Virgin Steele

Virgin Steele-Seven Devils Moonshine Review

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“Seven Dead Within,” starts things off nice and heavy, the vocals snarl, the guitars roar, and the orchestration is on point with fierce grooves and slices. “Green Dusk Blues,” has some brilliant piano work and some even better vocal work, soaring to the heavens and above. “Psychic Slaughter,” fits the words on the tin, chaotic and frantic, creating a true sense of chaos. “Bonedust,” epic and chaotic. “Hearts On Fire,” a rip roaring rocker, a metal anthem. “Child Of The Morning Star,” slips and shifts and turns and dances around with fierceness. “Murder In High Gloss Relief,” is a slow thriller, turning and twisting with a sharpness that was perhaps unexpected. “Feral,” a true metal classic, backed with piano and orchestral arrangements. “Justine,” slows things down nicely, adding a touch of chaos and something else entirely. “Princess Amy,” another song that adds melody and heart to the collective. “Wicked Game,” is so very dark and groovy, it’s brilliantly done. “Little Wing,” roars. “The Gods Don’t Remember,” another song that flitters and shakes with power and grace.

“The Evil In Her Eyes,” a rocker. “Feelin’ Alright,” a slow grooving monster. “Sister Moon,” a nice little ditty. “Sweating Into The Dawn,” a song that roars and shakes with power and grace. “Summertime,” allows the vocals to really shine through, and boy do they shine. “Black Leaves,” a discordant rocker. “Rip Off,” a Virgin Steele Monster cover of a classic. “The Gods Are Hungry,” keeps things dark and interesting. “The Poisoned Wound,” thunders and roars. “The Birth of Beauty,” snakes around and snarls with added venom. “Profession Of Violence,” snarls and soars. “Rock Steady,” is a calm before the storm. “Nutshell,” is discordant and dark. “Slow and Easy,” slow and easy wins the race. “Jesus Just Left Chicago,” got the blues well wrapped up. “Soul Kitchen,” another bluesy number. “When The Music’s Over,” keeps things going. “Crawling King Snake,” beats the track. “When The Music’s Over,” reprise’s things. “Imhulu,” makes it interesting with a sharp bite here and there. “After Dark,” pounds away and snarls and bites. “Wake The Dead,” is a classic Virgin Steele song, it contains hooks, and slow seductive vocals. “The Graveyard Dance,” is fast and ferocious. “The Triple Goddess,” is a interesting number. “Twilight Of The Gods,” takes the cake, with its acoustic melodies and fast beat. “Transfiguration,” translates beautifully down to the numbers and the set.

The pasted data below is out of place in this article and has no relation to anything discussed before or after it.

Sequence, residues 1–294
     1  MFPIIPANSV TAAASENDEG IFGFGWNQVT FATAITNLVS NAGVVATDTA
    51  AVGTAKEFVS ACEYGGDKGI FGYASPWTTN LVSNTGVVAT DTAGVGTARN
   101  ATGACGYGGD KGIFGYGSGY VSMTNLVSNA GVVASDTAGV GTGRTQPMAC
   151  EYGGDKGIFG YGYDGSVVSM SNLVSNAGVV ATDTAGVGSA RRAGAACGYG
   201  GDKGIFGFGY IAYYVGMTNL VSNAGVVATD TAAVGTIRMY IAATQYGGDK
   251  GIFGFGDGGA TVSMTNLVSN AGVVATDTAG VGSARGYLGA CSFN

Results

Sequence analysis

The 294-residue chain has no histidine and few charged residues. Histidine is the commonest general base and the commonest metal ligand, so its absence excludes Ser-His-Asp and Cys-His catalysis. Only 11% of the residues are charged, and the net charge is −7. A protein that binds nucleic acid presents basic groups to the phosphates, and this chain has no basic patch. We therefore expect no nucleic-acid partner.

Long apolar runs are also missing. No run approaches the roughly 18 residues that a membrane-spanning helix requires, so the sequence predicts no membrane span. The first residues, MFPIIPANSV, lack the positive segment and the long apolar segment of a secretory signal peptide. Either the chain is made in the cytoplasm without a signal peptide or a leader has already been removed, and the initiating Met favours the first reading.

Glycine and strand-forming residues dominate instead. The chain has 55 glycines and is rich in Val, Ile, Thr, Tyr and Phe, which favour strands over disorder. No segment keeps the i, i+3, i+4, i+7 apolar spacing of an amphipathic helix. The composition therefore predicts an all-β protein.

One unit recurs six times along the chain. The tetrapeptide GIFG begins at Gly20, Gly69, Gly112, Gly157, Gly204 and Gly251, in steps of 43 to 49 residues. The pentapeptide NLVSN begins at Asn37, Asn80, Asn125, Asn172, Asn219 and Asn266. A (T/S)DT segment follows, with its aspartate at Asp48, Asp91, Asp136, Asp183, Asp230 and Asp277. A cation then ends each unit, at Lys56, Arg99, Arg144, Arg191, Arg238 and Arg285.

“I Will Come For You,” the orchestral version of an absolute masterpiece, makes it even more epic. Powering through with solid slabs of rock and roll, and just generally being epic. “Queen Of The Dead,” swaggers and waltzs toward completion. “The Orpheus Taboo,” is simply insane. “Kingdom Of The Fearless,” progresses with speed and agility and makes things fascinating. “The Black Light,” rocks and discordantly moves between the senses. “Zeus Ascendant,” feeds nicely into “By The Hammer of Zeus,” a rocker and a shaker. “Rumanian Folk Dance,” is a bit of a head scratcher, but certainly brings an interesting edge to things. “Delirium,” short, sharp and sweet. “Snakeskin Voodoo Man,” bluesy and heavy. “The Enchanter,” is slow, jazzy and something else entirely. “Bone China,” softer, more melodic and grooving. “No Quarter,” hard edged. “Chloe Dancer,” thoughtful and slow building. “Gentle Groove,” moves with a little shuffle. “Darkness Darkness,” bites and sharps. “Death Letter Blues,” rocks and shakes. “Spoonful,” finishes things off nicely.

The collection is out on 23rd November via SPV/Steamhammer.